As a wildlife conservation organization, Defenders values wild places and wilderness areas for the important ecosystem services they provide, including habitat for imperiled species. But we also assign value to these naturally rich places for the role they play in the maintaining the mental and physical well-being of people.
This year during the legislative session in Oregon, we are asking how can we make outdoors accessible to all Oregonians? Defenders is a strong advocate for diversity, equity and inclusivity in wildlife conservation where the benefits from biodiversity conservation are enjoyed by all and the impact of biodiversity loss is also equally shared by all. The latter is especially challenging since it is often the underserved and the underrepresented who are left to bear the burden of environmental degradation and climate change impacts.
Accessibility to the outdoors also brings those values of equity to the forefront. Wildlife conservation and outdoor recreation can be a privilege for some communities, and privilege can take many forms. It can be a privilege of wealth, for instance, whether you can afford to spend time outdoors, travel to a place or buy the necessary gear. It can also be a privilege of culture — whether you have traditional, family or cultural history that will encourage and support you to spend time outdoors.
I was born in India to a medium-income family where outdoor recreation was not a priority, and neither was it part of our culture. I did not have the privilege of traditions and family history that would encourage me to spend time outdoors. But I did have the privilege of growing up in one of the most biodiverse regions in the world with tigers, rhinos, elephants and leopards, and a family that had immense respect for the natural world. So I turned my passion for wildlife into pursuing a conservation career, which in turn opened the outdoors to me — as a researcher and as a field conservationist. Now my idea of a fun weekend is backpacking, hiking or swimming in one of the hundreds of lakes in Oregon, much to the dismay of my urban dwelling friends and to the delight of my dog.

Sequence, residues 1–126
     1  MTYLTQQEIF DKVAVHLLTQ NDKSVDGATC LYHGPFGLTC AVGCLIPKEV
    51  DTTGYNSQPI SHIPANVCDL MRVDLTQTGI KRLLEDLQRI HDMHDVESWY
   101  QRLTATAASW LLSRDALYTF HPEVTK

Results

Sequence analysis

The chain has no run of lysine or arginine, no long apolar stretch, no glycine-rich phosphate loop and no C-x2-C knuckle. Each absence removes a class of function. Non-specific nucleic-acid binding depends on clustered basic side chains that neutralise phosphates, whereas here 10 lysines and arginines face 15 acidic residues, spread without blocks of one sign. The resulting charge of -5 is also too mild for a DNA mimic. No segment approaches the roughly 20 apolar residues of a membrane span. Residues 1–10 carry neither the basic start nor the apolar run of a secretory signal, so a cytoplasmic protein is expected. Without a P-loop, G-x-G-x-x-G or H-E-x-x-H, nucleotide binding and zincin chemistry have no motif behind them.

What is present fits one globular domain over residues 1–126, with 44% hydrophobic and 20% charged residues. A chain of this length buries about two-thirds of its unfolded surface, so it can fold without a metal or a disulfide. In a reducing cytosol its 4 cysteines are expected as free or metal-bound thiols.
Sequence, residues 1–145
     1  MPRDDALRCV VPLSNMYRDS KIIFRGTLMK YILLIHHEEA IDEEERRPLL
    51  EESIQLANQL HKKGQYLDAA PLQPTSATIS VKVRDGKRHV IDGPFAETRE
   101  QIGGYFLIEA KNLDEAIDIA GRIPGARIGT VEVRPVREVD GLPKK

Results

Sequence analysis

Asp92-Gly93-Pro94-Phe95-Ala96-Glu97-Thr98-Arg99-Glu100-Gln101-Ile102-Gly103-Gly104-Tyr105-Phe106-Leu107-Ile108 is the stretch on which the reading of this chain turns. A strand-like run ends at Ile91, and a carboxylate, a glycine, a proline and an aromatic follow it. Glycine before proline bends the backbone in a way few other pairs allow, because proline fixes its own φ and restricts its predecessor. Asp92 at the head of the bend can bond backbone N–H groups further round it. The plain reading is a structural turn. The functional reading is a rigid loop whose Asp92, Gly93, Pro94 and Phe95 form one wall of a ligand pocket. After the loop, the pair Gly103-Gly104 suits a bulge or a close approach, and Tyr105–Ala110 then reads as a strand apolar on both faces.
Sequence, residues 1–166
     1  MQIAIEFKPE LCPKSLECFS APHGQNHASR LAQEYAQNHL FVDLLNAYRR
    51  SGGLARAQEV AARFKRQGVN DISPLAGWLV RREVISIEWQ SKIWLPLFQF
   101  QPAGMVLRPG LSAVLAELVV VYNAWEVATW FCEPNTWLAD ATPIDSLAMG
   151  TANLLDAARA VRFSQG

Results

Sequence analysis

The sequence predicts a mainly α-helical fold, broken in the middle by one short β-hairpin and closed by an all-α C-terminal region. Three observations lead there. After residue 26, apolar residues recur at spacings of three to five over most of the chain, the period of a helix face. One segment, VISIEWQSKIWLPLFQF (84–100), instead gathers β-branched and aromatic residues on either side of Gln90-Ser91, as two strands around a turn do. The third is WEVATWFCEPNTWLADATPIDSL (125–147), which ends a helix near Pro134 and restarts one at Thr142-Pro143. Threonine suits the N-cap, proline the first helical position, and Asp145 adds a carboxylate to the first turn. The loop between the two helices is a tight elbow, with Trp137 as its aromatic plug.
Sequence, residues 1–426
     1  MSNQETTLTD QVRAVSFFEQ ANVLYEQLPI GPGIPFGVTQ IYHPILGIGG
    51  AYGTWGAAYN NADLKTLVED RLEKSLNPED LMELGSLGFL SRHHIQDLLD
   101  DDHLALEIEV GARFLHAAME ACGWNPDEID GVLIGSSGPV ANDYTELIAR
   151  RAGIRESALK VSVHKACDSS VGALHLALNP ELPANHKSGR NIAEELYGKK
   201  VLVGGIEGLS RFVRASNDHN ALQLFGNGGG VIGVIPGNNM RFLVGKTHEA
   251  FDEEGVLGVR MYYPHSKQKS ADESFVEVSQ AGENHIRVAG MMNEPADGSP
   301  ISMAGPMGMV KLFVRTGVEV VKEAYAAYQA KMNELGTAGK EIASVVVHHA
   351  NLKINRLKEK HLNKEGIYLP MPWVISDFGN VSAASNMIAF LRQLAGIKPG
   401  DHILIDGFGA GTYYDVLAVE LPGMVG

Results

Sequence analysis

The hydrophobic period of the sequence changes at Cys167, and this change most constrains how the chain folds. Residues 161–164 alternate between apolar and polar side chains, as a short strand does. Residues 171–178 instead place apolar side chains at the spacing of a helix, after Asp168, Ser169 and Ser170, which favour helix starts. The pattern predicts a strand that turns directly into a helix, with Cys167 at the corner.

Lack of privilege, whether it is economic, cultural or social, can hold an individual or a community back. However, we believe that conserving wildlife and enjoying Oregon’s natural resources is the right of all Oregonians, not the privilege of a few. One of the primary avenues we are focusing on to promote conservation and to open up access is the Oregon Conservation and Recreation Fund (OCRF) under Oregon Department of Fish and Wildlife (ODFW).
Established with significant bipartisan support in the 2019 legislature, OCRF funds grassroots level initiatives and projects that support conservation (especially ones that align with the Oregon Conservation Strategy) or nonconsumptive outdoor recreation. Sometimes a project can be both (e.g. community science project). Through OCRF, our state recognized that the complexities of conservation and recreation cannot be addressed by a state-level solution, given the diversity of our landscapes and of Oregonians. Instead, by funding local and grassroots groups and organizations, OCRF empowers them to find innovative ideas and local solutions to address conservation and recreation needs in their own communities. This bottom-up approach to conservation and recreation is unique within ODFW and should be encouraged and supported by the state.
OCRF was formed with the promise of a $1 million general fund match. However, the general fund dollars were taken away in 2020 because of pandemic-related budget cuts, leaving OCRF stranded. The OCRF advisory committee has done an excellent job fundraising close to $250,000 —from private and charitable donations alone, which is especially significant during economically challenging times caused by the pandemic. But promoting stewardship of our natural resources should not be the responsibility of private citizens and entities alone. It is equally the state’s responsibility. We are advocating for restoring funding to OCRF this session. There are multiple bills to advance the issue but the two primary ones are HB 2171 and HB 2600.
If you are an Oregonian and care about outdoor recreation, call your state representative and senator and let them know why you care about the Oregon Conservation and Recreation Fund and would like to see it funded. The COVID-19 pandemic has shown us that connection with nature and having access to wilderness and wild places has an unquantifiable but significant role on our mental health and overall well-being. When we are limited in our ability to connect with one another, nature is the one common connection we have, and we want to ensure that it remains true for all Oregonians.